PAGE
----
Abstract: In 2011, HfO2-based thin film capacitors were reported to exhibit ferroelectric behavior. This initial report generated both skepticism and excitement in the ferroelectrics community because it was unexpected and had gone undiscovered for decades. Since that time, new applications have been developed and proposed including 10 nm-scale non-volatile memory elements, ferroelectric field-effect transistors, neuromorphic computing elements, and infrared detector arrays (from the associated pyroelectric effect). Though still controversial, even negative capacitance has been claimed in HfO2-based capacitors
A non-centrosymmetric and polar space group (Pca21) is now generally accepted as the crystallographic structure underpinning the ferroelectric behavior. However, the driving forces enabling the manifestation of this phase are still debated or unknown. The ferroelectric behavior is only observed when the materials are processed in specific conditions (e.g., unique stress states induced by special annealing procedures), doped with certain substituents (e.g., Si, Y, La, and Zr), and in ultra-thin films (e.g., 10-20 nm).
In this work, we synthesized doped HfO2 and (Hf,Zr)O2 ceramics and thin films and monitor their structural evolution during processing and thermal equilibration in order to understand the kinetics and thermodynamics underpinning phase evolution and stabilization of the various polymorphic phases. In situ X-ray diffraction (XRD) is performed during heating of ceramics and thin films and XRD patterns are analyzed both qualitatively and quantitatively to determine phase transition temperatures and refine the crystallographic structures (e.g., the Rietveld method). Our results demonstrate that dopants (e.g., Si, Y, and Zr) substitute for Hf and, in some cases, can create non-equilibrium structures. We also report the results from a collaborative project between groups at NC State University, the University of Connecticut, and NaMLab gGmbH, in which we exhaustingly studied dopants and processing conditions for maximal performance and new applications. The work demonstrates that the best dopants for stabilizing ferroelectricity are those with large ionic radius and large electropositivity, which explains the robustness of ferroelectricity in La-doped HfO2 films.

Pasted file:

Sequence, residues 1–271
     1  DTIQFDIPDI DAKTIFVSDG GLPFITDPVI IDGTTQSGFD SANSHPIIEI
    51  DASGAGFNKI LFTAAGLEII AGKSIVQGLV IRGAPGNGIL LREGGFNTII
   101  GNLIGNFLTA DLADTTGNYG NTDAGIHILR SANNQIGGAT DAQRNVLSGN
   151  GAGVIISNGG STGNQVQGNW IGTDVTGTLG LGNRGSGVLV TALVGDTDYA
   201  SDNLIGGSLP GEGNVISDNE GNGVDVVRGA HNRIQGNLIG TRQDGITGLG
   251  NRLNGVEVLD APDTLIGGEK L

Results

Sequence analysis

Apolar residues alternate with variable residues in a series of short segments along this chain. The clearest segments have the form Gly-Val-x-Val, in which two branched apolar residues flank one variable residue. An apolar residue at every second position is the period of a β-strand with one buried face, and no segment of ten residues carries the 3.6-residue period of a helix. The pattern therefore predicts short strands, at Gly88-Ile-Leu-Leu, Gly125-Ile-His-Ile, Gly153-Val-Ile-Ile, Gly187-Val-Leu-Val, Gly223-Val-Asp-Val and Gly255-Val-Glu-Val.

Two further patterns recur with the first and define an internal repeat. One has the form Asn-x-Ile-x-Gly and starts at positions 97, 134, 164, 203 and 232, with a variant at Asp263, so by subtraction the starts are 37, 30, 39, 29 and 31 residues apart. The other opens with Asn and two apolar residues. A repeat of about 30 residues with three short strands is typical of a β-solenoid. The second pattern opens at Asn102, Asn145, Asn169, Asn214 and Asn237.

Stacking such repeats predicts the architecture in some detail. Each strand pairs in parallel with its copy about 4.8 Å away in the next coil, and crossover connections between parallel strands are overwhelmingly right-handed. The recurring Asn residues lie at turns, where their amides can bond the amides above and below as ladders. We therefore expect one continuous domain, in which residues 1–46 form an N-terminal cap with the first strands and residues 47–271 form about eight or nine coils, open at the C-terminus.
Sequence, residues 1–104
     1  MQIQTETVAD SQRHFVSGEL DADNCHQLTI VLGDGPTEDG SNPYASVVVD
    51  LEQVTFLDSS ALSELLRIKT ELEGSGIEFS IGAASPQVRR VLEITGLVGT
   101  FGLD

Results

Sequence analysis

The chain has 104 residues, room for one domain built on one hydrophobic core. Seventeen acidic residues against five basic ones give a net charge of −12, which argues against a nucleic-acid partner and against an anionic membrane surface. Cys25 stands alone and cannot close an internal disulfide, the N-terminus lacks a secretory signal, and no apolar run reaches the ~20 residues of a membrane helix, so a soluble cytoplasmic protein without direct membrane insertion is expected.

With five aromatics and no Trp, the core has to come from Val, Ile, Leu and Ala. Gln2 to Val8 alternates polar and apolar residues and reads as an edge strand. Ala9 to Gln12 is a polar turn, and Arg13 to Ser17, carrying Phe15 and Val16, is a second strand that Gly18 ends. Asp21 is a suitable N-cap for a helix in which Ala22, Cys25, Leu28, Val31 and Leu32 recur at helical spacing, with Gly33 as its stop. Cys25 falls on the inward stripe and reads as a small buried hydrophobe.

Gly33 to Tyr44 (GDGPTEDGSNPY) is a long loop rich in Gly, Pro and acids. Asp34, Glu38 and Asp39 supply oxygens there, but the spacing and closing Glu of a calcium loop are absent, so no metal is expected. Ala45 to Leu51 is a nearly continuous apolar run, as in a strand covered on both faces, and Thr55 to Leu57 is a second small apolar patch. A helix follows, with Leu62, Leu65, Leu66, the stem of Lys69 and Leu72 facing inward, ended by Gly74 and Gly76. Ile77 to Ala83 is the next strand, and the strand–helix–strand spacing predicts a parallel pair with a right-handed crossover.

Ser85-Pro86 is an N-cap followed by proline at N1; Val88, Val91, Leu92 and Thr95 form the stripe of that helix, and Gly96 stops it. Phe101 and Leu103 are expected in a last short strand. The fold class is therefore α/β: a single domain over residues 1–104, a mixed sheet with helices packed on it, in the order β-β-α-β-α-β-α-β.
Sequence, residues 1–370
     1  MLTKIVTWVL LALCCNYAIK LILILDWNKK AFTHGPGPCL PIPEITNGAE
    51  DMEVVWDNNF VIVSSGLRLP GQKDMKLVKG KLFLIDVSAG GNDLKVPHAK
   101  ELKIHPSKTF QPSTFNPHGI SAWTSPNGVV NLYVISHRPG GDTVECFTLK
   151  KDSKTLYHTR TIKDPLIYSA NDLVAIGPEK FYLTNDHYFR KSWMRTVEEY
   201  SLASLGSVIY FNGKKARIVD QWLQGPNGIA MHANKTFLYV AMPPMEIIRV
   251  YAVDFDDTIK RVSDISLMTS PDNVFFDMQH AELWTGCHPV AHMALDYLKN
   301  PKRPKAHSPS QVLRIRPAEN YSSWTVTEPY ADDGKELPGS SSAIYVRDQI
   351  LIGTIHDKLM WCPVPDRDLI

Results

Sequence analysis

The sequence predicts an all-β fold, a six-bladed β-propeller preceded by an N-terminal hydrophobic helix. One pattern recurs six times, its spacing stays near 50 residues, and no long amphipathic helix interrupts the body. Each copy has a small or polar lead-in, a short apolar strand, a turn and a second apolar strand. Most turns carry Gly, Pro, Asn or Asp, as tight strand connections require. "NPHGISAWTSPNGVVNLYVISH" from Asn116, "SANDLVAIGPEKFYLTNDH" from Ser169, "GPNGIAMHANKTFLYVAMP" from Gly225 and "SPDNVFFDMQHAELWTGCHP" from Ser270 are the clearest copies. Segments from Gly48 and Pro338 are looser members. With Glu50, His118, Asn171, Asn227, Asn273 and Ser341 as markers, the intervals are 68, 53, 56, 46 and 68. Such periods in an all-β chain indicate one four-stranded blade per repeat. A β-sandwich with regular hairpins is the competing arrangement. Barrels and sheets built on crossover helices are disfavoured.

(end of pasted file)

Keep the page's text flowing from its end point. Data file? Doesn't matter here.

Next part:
This work was supported by the Army Research Office through contract number W911NF-15-1-0593.
More details can be found in some of our most recent papers on this topic:
1. Optimal dopants from computation: http://dx.doi.org/10.1021/acs.chemmater.7b02835
2. Experimental robustness of La doping: http://dx.doi.org/10.1021/acs.inorgchem.7b03149
3. Ferroelectric HfO2 on flexible substrates: http://dx.doi.org/10.1002/adfm.201700461
4. New book on HfO2-based ferroelectricity: https://www.amazon.com/dp/B07Q34F66S
Brief biosketch: Jacob Jones is a Professor of Materials Science and Engineering, Director and Principal Investigator of the Research Triangle Nanotechnology Network (RTNN), Director of the Analytical Instrumentation Facility (AIF), and a University Faculty Scholar at North Carolina State University. Jones’ research interests involve developing structure-property-processing relationships in emerging functional materials, primarily through the use of advanced X-ray and neutron scattering tools. Jones has published over 200 papers and delivered over 100 invited lectures on these topics. Jones is a Fellow of the American Ceramic Society and Vice President for Ferroelectrics in the IEEE Ultrasonics, Ferroelectrics, and Frequency Control (UFFC) Society. He has received numerous awards for his research and education activities, including an NSF CAREER award, a Presidential Early Career Award for Scientists and Engineers (PECASE), the IEEE UFFC Ferroelectrics Young Investigator Award, the NC State College of Engineering George H. Blessis Outstanding Undergraduate Advisor Award, the 2019 Alumni Association Outstanding Research Award at NC State, and two Edward C. Henry “Best Paper” awards from the Electronics Division of the American Ceramic Society.